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Arnica montana

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Arnica montana, also known as wolf's bane, leopard's bane, mountain tobacco and mountain arnica,[3] is a moderately toxic ethnobotanical European flowering plant in the sunflower family It is noted for its large yellow flower head The names "wolf's bane" and "leopard's bane" are also used for another plant, aconitum, which is extremely poisonous

Arnica montana is used as an herbal medicine for analgesic and anti-inflammatory purposes Clinical trials have produced mixed results


  • 1 Description
  • 2 Taxonomy
  • 3 Distribution and habitat
  • 4 Chemical constituents
  • 5 Cultivation
  • 6 Use in herbal medicine
    • 61 Toxicity
  • 7 Market
  • 8 References
  • 9 External links


Arnica montana

Arnica montana is a flowering plant about 18–60 cm 71–236 in tall aromatic fragrant, perennial herb Its basal green ovate-cilitate leaves with rounded tips are bright coloured and level to the ground In addition, they are somewhat downy on their upper surface, veined and aggregated in rosettes By contrast, the upper leaves are opposed, spear-shaped and smaller which is an exception within the Asteraceae The chromosome number is 2n=38

The flowering season is between May and August Central Europe The hairy flowers are composed of yellow disc florets in the center and orange-yellow ray florets at the external part The achenes have a one-piece rough pappus which opens in dry conditions[4][5] Arnica montana is a hemicryptophyte,[6] which helps the plant to survive the extreme overwintering condition of its habitat In addition, Arnica forms rhizomes, which grow in a two-year cycle: the rosette part grows at its front while its tail is slowly dying[7]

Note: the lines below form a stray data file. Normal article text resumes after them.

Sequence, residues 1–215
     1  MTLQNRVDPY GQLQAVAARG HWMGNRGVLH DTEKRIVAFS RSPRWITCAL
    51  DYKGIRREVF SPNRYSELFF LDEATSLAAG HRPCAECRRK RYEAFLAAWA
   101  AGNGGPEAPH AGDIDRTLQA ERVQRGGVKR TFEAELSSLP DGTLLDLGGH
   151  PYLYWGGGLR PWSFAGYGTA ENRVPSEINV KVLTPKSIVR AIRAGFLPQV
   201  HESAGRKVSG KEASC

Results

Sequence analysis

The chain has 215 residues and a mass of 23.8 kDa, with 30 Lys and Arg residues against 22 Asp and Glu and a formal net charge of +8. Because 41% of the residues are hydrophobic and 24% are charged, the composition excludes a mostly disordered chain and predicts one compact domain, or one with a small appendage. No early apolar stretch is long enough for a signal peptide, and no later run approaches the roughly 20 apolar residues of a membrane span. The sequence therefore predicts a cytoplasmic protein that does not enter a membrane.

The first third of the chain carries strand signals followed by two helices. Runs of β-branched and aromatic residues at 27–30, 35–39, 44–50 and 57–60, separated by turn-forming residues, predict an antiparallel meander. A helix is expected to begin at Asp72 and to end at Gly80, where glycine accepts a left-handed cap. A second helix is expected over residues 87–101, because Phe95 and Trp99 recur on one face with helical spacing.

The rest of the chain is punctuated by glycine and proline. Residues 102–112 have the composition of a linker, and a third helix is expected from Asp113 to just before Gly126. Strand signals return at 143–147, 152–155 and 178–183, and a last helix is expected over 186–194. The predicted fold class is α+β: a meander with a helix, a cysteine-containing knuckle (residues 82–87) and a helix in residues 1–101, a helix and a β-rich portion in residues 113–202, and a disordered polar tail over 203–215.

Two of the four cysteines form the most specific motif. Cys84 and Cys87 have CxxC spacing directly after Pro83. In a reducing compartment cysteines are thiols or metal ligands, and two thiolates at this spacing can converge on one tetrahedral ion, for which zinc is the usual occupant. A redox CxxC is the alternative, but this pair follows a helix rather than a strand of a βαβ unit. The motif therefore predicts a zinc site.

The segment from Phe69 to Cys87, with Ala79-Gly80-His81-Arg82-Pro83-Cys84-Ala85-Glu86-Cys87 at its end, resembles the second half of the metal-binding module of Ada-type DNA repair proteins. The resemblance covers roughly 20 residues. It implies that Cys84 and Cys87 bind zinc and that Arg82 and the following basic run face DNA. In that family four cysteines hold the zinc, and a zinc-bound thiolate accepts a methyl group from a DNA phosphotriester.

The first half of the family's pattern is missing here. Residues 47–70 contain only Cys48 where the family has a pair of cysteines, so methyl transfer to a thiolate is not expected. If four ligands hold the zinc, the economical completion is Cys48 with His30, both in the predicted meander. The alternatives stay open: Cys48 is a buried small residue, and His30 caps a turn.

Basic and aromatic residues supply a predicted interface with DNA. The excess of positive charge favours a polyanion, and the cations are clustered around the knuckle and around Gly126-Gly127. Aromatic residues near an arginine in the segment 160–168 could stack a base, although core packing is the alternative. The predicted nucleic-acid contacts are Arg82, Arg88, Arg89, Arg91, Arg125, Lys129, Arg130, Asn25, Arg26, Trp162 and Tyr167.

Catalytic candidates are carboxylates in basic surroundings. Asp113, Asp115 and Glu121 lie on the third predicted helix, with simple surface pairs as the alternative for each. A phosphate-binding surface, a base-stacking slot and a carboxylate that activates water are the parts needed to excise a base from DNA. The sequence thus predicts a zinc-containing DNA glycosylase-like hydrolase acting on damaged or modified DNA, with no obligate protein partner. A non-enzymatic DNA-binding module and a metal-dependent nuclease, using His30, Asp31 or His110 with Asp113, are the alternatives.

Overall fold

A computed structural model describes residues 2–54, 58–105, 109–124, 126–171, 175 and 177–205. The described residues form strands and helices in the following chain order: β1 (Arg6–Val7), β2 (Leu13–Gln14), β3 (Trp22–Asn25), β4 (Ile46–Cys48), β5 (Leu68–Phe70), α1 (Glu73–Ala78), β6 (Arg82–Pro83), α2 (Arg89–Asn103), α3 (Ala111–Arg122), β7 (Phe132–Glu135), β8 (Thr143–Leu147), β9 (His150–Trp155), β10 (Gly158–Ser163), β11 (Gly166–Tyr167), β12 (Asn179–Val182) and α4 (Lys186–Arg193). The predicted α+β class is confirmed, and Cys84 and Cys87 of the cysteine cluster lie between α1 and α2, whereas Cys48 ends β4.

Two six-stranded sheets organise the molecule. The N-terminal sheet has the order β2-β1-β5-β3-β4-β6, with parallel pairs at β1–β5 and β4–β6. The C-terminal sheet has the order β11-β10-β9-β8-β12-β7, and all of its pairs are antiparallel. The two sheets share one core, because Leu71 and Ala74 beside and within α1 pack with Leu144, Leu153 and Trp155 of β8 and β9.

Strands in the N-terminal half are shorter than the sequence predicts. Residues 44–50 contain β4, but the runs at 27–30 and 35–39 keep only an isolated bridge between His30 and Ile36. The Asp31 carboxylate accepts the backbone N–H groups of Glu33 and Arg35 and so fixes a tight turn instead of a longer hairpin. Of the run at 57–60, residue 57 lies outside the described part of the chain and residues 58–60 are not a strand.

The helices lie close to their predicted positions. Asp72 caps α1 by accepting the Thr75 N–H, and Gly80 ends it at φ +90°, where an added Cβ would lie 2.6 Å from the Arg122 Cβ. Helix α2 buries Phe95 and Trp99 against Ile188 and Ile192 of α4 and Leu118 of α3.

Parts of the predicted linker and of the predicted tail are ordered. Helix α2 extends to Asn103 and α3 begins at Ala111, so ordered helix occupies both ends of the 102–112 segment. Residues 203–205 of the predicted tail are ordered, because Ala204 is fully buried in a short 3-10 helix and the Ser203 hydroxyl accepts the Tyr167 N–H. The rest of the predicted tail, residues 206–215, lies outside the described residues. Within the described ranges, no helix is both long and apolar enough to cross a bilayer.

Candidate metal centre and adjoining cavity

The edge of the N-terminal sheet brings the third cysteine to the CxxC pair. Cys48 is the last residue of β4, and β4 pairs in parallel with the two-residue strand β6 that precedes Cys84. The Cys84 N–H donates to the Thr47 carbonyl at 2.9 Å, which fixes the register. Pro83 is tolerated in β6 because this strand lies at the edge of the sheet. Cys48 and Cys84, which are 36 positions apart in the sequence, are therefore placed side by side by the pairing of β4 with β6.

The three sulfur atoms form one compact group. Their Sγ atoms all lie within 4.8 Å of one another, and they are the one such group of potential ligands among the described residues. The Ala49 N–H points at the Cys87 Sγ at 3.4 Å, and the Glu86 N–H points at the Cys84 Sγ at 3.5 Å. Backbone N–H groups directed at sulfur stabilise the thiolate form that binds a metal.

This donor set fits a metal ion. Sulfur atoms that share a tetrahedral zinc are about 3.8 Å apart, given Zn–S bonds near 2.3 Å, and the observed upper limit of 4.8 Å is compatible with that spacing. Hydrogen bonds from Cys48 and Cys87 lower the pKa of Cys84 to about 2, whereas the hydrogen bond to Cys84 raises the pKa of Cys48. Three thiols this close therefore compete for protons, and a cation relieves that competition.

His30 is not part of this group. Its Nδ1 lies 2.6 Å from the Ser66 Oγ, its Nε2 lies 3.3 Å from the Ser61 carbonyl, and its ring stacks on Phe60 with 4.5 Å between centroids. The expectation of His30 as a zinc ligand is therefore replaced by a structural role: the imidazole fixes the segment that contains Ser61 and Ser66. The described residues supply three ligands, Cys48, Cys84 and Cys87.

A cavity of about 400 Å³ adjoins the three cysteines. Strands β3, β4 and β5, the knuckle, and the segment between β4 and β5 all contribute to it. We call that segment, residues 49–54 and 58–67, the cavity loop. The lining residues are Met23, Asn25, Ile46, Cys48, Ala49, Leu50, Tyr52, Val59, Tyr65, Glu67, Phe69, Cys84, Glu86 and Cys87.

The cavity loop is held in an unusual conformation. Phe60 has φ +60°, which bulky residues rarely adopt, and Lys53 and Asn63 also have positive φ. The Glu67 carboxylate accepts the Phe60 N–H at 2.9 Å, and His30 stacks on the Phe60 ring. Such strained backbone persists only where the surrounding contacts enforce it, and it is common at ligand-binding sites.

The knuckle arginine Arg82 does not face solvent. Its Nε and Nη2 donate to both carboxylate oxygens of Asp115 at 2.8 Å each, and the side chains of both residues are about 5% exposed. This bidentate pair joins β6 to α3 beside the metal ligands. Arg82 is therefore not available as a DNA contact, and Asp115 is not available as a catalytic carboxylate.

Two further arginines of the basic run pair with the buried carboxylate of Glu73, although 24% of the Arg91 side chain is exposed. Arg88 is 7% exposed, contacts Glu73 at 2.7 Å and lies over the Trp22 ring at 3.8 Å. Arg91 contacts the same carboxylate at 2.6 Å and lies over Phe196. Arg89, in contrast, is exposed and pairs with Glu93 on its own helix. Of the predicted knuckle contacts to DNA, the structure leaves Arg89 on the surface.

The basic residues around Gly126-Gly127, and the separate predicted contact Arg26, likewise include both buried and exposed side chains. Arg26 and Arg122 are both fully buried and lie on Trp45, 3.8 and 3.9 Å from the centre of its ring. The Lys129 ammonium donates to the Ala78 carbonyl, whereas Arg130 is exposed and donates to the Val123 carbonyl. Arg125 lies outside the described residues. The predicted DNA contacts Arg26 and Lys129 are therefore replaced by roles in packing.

The Latin specific epithet montana refers to mountains or coming from mountains[8]

Distribution and habitat

Repartition map of Arnica montana

Arnica montana is widespread across most of Europe[9] It is absent from the British Isles and the Italian and Balkan peninsulas and Slovakia[10] In addition, it is considered extinct in Hungary and Lithuania[10] Arnica montana grows in nutrient-poor siliceous meadows or clay soils[7] It mostly grows on alpine meadows and up to nearly 3,000 m 9,800 ft In more upland regions, it may also be found on nutrient-poor moors and heaths However Arnica does not grow on lime soil,[7] thus it is an extremely reliable bioindicator for nutrient poor and acidic soils It is rare overall, but may be locally abundant It is becoming rarer, particularly in the north of its distribution, largely due to increasingly intensive agriculture and commercial wild-crafting[11] Nevertheless, it is cultivated on a large scale in Estonia[10]

Chemical constituents

Chemical structure of helenalin

The main constituents of Arnica montana are essential oils, fatty acids, thymol, pseudoguaianolide sesquiterpene lactones and flavanone glycosides Pseudoguaianolide sesquiterpenes constitute 02-08 % of the flower head of Arnica montana They are the toxin helenalin and their fatty esters[12] 2,5-Dimethoxy-p-cymene and thymol methyl ether are the primary components of essential oils from both the plant's roots and rhizomes[13]

Although Amica Montana's main pharmacologically active constituent helenalin is safe and beneficial in the very small quantities used in herbal medicine as an anti-inflammatory and analgesic, it is extremely toxic and almost always fatal in larger doses Using whole plant material can result in sudden death, and only standardized preparations of the plant should be used sparingly for medicinal purposes even then, concentrated, purified, and standardized pharmaceutical-grade preparations of helenalin are considered highly preferable due to their significantly more accurate dosing and lack of pharmaceutically active minor Amica Montana alkaloids which are invariably present in plant-derived extracts

Many of the plant's trace-alkaloids are more toxic than helenalin by one or more orders of magnitude, acting as potent hepatotoxins, cytotoxins, mutagens, teratogens, and neurotoxic central nervous system stimulants